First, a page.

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Brooks, without Trump’s backing, hopes to advance to a runoff in Alabama Senate race

By Gabby Orr

Deborah Cain was an early supporter of Mo Brooks in his bid to become Alabama’s next Republican senator, pleased with the job he has done as a six-term congressman and the fiery speech he delivered at the “Stop the Steal” rally on January 6, 2021.

So when former President Donald Trump abandoned his endorsement of Brooks earlier this spring, claiming he had gone “woke” on the 2020 election, Cain said she was “offended.”

“I felt like Donald Trump stabbed Mo in the back. I know it was a political move, but it was a cowardly move. Mo Brooks stood up for him, stood up and fought, and he took a lot of heat for that,” Cain told CNN at a meet-and-greet for several statewide candidates just outside of Birmingham on Sunday.

Ultimately, Trump’s decision to withdraw his support from Brooks in March may have actually saved his floundering campaign. The embarrassing episode left Brooks so badly injured in the eyes of his opponents — Army veteran Mike Durant and Katie Britt, a former aide to retiring Sen. Richard Shelby — that they trained their sights on each other, enabling the GOP congressman to campaign under the radar and free from scrutiny in the final weeks of the race.

Ahead of Tuesday’s primary, Brooks appears to be in contention to finish in the top two, leaving the door open for the Trump-scorned congressman to advance to a June runoff contest and raise new questions about the former President’s influence if he does.

“Just call me a modern-day Lazarus,” Brooks told CNN at a campaign stop on Sunday, joking that his late-stage comeback “makes me kind of wonder if Donald Trump was planning it from the beginning.”

Another Brooks supporter from Jefferson County, Luke C., said he voted for Trump and thinks highly of the 45th President, but wasn’t persuaded to reject Brooks because the former President did. He felt that Brooks, as a congressman, had consistently voted in alignment with his Christian conservative values and he therefore decided early on to support his Senate campaign.

“Donald Trump made a huge mistake. Too much bad advice from the folks around him,” said Luke, who asked that his last name not be used for this story.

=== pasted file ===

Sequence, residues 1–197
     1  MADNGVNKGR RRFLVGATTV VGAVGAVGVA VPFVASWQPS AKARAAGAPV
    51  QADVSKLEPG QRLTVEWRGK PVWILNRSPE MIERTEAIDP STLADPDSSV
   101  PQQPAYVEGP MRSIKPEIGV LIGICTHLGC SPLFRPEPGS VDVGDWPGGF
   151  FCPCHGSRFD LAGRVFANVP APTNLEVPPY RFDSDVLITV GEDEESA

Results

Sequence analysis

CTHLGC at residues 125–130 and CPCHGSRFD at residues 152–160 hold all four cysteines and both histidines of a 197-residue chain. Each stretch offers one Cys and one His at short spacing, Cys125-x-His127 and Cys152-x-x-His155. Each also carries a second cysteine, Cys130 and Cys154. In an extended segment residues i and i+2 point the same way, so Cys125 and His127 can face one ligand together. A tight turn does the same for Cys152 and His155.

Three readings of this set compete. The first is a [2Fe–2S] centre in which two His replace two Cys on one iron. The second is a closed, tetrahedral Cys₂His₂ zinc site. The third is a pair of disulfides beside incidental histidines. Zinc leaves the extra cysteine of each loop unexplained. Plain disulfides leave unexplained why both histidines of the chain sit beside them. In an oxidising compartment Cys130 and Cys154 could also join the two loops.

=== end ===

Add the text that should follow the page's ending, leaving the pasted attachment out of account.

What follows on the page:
While Brooks’ unexpected resurgence at the eleventh hour has been notable, it remains far from certain that he will enter a runoff contest against Durant or Britt. In the final weeks of the race, a super PAC linked to Senate Minority Leader Mitch McConnell has contributed $2 million to a group attacking Brooks on the airwaves here — hoping to stifle his momentum and quash the ultra conservative congressman, who has vowed not to support the Kentucky Republican for majority leader should Republicans retake the Senate this November.

Birmingham resident Hunter Payne has seen the ads against both Brooks and Durant and was still deciding between the two candidates when he stopped by Demetri’s BBQ early Monday for a breakfast event with Durant.

“I’m looking for a mature candidate who wants to serve and serve honestly,” he told CNN, noting that he was not considering Britt because he didn’t feel that she had adequately campaigned for his vote.

“These two candidates, in indirect and direct ways, approached me. I don’t know much about Mo Brooks but I believe he cares about this country and, if he wins, he will make a good senator. And based on what I know of Mike Durant, I believe he would make a good senator,” Payne said.

Durant, who has been accused by Britt allies of being soft on gun rights and more moderate than he lets on, said he is feeling “really good” about his chances of making the runoff but would much prefer to face Brooks in a two-way contest than Britt.

“Based on the sheer volume of false information that has been put out by the Britt campaign, I would prefer not to have to face another month of that because it is hard on my family,” he said in a brief interview on Monday.

Barring a major upset on Tuesday, two candidates are nearly guaranteed to head to a June 21 runoff contest that could once again test Trump’s endorsement strength if he decides to back a new candidate. Upon un-endorsing Brooks in March, the former President had said he would throw his weight behind an alternative but such a move now appears unlikely until Trump knows which candidates will be competing in a runoff.